By BASIA CHRIST
SPECIAL TO THE ORANGE COUNTY REGISTER
It's 5:25 a.m. on Nov. 3, 2010. I'm being prepped for my altruistic kidney donation at Ronald Reagan Hospital in Los Angeles.
A nurse says, "If you want 'happy juice,' say you're nervous when the anesthesiologist arrives!"
Moments later, as if cued by the nurse, the anesthesiologist arrives.
I blurt out, "I'm nervous!"
Everyone laughs. Then he says, "OK. You get the happy juice. Count backward....
"10, 9, 8, 7... 6... 5...."
As he counts, I remember how this journey began. On Oct. 22, 2008 a friend shared her experience of donating a kidney to her husband. As she spoke, a voice challenged me, "Why not you?"
I awake in recovery.
Shari Young, my best friend, is smiling. I'm groggy and pain free (thanks, happy juice!). In the next bed, separated by curtains, I hear a nurse give a teddy bear to a child. I ask for mine, but I'm told I'm over the age limit.
My lower lip hits the floor as I whine, "I may be 64, but I still want a teddy bear!"
Shari goes to the cafeteria and returns with flowers and a bear. She tosses it to me, laughing, and says "Quit whining!"
I drift off hugging the bear.
I awake in my room. Shari stays to ensure my comfort. After she leaves, I thank God all went well. It's already dark and quiet. I'm on a morphine drip and feel no pain.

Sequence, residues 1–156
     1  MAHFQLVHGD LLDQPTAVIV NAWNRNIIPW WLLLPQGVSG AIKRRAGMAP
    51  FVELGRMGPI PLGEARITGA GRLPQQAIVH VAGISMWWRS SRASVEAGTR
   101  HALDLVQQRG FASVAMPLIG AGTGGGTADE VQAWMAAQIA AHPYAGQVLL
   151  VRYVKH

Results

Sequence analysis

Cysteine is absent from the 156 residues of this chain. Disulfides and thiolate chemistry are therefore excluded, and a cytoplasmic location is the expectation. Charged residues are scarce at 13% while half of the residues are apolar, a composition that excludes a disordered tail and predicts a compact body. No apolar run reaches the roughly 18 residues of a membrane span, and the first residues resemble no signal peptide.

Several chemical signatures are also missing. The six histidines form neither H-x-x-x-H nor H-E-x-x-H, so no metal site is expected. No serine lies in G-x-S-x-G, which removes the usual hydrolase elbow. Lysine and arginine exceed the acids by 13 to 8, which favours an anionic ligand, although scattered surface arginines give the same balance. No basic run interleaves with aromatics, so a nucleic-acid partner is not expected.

On Aug. 27, 2009, I faxed my application to UCLA Medical Center. A week later, Suzanne McGuire, UCLA transplant coordinator, said it was approved. She said, "It might take months before I find a recipient because your blood type (AB+) is rare.
She explained the tests, risks, and complications of the surgery, like blood clots, pulmonary embolism, death. I knew that the extensive testing I would undergo would show any medical problems. In that case, UCLA would not accept me as a candidate.
When people heard about my decision, one remarked I could die. Another said I was crazy. Someone asked if I would have regrets if a family member needed a kidney and I couldn't donate. I responded, "I trust my decision."
There also was a psychiatric evaluation to ensure I was of sound mind. Within a week, Suzanne confirmed it.
On Sept. 11, Dr. Rastogi, UCLA Organ Donor Program Director, asked why I decided to do this; to give my kidney to a stranger.
"I believe we're all brothers and sisters," I told him. "And I would gladly donate to my siblings."
Lying in the darkness, I wonder how someone who needs a kidney must feel waiting for the call that she will live because someone died. What if a call never comes?
A nurse interrupts my thoughts by asking, "Do you need pain killers?"
The pain is intense and increasing. I nod, "yes." I wait for the medication to work.
I remember Oct. 30, 2009, the day I lost my job.
That day, instead of feeling sad, I visited a kidney dialysis center. I saw patients covered in blankets, listening to music, reading, watching TV, sleeping. How could I feel unhappy because I was unemployed when some people depend on machines to live?
Three weeks later, I took – and passed — the stress test.
On Dec. 17, I was approved as a donor candidate, and the matching began.